Govt sets stock limits for onion, bans exports

The central government on Sunday imposed stock limits for onion and banned export of the commodity besides asking state governments to take strict measures to prevent hoarding by traders, including organising raids, as part of a series of steps being taken to rein in soaring prices.

The centre has fixed the stock limit of 100 quintal on retail traders and 500 quintals on wholesale traders imposed across the country, in a move to facilitate release of stocks in the market and prevention of hoarding by traders. 
In the past, the centre had authorised the state governments to impose stock limits.  This time, however, the centre has decided to impose stock limits directly across India.  
Further, the government has banned export of onions with immediate effect till further orders. It had earlier this month, raised the minimum export price of onion to $850 (fob) per tonne. Though there was some reduction in export of onions thereafter, exports were still continuing. The ban on export of onions is expected to improve domestic availability and cool prices.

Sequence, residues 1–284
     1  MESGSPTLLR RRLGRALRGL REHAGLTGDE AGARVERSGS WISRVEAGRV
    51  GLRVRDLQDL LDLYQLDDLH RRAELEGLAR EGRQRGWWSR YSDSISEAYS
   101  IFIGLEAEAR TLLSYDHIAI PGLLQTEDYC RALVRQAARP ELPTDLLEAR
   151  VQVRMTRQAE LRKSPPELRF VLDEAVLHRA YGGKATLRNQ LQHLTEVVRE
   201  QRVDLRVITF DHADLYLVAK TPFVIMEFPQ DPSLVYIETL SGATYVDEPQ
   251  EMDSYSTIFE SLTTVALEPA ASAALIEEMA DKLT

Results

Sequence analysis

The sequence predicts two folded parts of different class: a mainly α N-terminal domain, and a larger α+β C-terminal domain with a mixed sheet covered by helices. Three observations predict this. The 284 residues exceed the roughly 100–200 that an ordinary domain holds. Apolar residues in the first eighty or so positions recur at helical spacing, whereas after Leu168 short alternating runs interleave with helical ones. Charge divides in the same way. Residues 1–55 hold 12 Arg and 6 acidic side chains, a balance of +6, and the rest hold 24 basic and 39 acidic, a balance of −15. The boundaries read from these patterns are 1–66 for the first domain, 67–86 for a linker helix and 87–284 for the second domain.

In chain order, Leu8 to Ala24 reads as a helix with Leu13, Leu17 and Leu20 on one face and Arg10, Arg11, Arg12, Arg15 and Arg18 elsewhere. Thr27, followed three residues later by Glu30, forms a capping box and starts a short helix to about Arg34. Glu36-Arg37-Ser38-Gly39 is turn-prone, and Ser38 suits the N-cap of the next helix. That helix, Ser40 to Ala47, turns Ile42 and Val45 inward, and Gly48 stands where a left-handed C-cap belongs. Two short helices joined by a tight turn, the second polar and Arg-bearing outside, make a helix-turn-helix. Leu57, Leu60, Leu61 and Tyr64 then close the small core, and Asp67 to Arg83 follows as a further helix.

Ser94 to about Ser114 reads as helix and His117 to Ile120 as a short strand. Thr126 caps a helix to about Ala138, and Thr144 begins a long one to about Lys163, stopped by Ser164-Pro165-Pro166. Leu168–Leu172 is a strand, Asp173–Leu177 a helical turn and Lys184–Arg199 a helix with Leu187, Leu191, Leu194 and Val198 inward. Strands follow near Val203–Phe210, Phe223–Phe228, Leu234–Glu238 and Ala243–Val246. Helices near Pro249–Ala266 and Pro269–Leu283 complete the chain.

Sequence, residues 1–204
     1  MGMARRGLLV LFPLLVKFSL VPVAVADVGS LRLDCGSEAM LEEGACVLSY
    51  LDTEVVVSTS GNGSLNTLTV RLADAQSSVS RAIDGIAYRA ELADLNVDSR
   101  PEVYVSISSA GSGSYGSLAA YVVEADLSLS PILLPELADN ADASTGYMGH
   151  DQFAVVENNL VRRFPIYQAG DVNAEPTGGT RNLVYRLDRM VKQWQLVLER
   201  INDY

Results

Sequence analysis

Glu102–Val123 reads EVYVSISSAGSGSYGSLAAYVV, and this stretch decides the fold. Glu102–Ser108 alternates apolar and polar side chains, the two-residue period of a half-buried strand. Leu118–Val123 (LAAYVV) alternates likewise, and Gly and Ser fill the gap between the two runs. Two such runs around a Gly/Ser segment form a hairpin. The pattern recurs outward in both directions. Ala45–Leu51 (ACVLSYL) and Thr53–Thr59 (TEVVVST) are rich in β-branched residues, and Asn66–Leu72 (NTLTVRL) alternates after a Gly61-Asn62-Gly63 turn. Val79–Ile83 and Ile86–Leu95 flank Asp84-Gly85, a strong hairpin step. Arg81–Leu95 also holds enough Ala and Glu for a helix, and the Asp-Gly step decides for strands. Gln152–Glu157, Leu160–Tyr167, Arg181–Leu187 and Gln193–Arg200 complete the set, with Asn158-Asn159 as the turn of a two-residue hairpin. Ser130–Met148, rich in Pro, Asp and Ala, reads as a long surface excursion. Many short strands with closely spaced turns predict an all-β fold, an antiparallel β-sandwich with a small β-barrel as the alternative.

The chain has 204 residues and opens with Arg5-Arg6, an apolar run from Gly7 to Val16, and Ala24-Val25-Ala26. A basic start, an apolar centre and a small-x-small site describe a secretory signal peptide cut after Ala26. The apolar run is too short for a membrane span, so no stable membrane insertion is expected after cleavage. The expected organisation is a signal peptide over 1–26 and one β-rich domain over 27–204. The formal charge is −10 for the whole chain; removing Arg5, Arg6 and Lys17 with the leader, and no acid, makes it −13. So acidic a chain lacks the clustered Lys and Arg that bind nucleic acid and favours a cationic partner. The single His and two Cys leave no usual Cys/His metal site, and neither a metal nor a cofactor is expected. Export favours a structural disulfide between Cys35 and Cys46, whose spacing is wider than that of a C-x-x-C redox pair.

Besides, the centre has asked the state governments to enforce the stock limits strictly and carry out anti-hoarding operations against the unscrupulous traders by organising raids, etc.
The centre had built a buffer of about 56,700 tonnes through NAFED during Rabi 2019 season.  This buffer stock is being utilised for supplies to Delhi at a rate of not more than 23.90 per kg.  Haryana and Andhra Pradesh are also being supplied from the buffer.  Other states have also been asked to utilise this buffer and indicate their demand for the same to Department of Consumer Affairs and/or NAFED.
The reported export below minimum export price to Bangladesh and Sri Lanka will be immediately stopped and strict action will be initiated against those who are found to be violating this decision of the government, an official release stated.
Retail onion prices have skyrocketed to Rs60-80 per kg in Delhi and some other parts of the country due to supply disruption from flood-affected growing states like Maharasthra.